499: In the Land of Invented Languages by Arika Okrent

by Gerard


499.99: Okrent, Arika. In the Land of Invented Languages: Esperanto Rock Stars, Klingon Poets, Loglan Lovers, and the Mad Dreamers Who Tried to Build a Perfect Language. New York: Spiegel & Grau, 2009. 324 pp. ISBN 0-3855-2788-8.

Dewey Breakdown:

  • 400: Language
  • 490: Other languages
  • 499: Non-Austronesian languages of Oceania, Austronesian languages, miscellaneous languages
  • 499.9: Hurrian languages
  • 499.99: Afrihili (Artificial languages)

I have been waiting to read this one ever since I first heard of it—a book devoted to all the languages that have been created by other people. Everyday languages are organic: they have no real inventor but time and culture. These things shape the way we talk about the world and express ourselves. But someone had to sit down and invent Esperanto, to compose Klingon, to shape the way that Loglan works. These languages were created for many reason, but the main one seems to be so that people of different nationalities and cultures could finally communicate with one another. Arika Okrent’s In the Land of Invented Languages explores the rich history of those people who tried (and ultimately failed) to create a single language that all of humanity could use. And along the way, she reveals what little truth in contained in language, and how that reflects on us as language’s users.

Over the last nine hundred years, approximately nine hundred language have been artificially created. They come in bursts, though. After Hildegard von Bingen composed Lingua Ignota in the twelfth century, it was three hundred years before Muhyi-I Gulseni created Balaibalan. The last two centuries have been the heyday for language creation, with some 470 documented new languages. Okrent’s tour through language creation hits the highlights, from Wilkin’s Philosophical Language (1668) to Schleyer’s Volapuk (1879) to Zamenhof’s incredibly popular Esperanto (1887) and even to the modern-day tussles over Klingon.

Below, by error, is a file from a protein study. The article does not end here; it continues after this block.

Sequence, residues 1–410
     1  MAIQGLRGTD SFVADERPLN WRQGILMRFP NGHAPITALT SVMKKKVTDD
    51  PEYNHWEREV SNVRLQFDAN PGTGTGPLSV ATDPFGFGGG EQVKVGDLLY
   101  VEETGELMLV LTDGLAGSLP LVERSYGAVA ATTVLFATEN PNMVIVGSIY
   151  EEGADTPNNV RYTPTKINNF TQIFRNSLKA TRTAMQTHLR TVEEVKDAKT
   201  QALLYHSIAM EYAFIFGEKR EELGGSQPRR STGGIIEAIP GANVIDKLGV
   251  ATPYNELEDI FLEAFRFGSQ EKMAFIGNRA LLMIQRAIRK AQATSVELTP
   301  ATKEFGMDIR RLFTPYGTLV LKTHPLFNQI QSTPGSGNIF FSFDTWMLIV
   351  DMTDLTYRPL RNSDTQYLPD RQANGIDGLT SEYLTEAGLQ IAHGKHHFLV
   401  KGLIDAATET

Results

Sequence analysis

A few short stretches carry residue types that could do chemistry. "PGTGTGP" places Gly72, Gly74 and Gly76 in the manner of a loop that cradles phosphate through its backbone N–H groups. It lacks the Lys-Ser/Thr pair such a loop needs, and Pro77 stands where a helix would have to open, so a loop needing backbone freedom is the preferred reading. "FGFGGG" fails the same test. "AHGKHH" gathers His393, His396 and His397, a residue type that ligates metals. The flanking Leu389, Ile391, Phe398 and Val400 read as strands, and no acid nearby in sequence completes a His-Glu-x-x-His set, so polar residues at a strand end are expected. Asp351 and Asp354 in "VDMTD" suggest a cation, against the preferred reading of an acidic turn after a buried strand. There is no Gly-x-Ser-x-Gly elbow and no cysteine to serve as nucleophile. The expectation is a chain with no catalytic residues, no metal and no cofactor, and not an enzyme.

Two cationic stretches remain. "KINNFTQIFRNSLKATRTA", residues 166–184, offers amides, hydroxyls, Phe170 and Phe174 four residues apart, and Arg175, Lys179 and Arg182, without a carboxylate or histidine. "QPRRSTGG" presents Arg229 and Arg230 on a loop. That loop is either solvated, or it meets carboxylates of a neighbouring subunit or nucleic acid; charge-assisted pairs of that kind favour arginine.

Her investigations of these languages talk about whether language can ever truly represent ideas, how we perceive and classify the physical and metaphysical world, and if the rules of spoken language can ever really be made simple. Many languages, once invented and released into the “wild,” change radically, serving the needs of the speakers rather than the rulebooks of the inventors (much to the chagrin of the inventors). James Cooke Brown lost control of Loglan much like C. K. Bliss could not tolerate the changes made to his Blissymbolics.

As a language nut, I really enjoyed this book. Okrent’s joyful attitude towards language and grammar speaks to her background as a linguist. She wholeheartedly immerses herself in contemporary artificial languages, hoping to find one that both fun to learn and follows more rules than the others. What she does find, however, are groups of people so enamored with the communities that new languages create, that sometimes it doesn’t really matter if you can’t understand each other. Simply the act of trying to communicate is all you need to bring people together. And perhaps also a dictionary. A quick and fun book.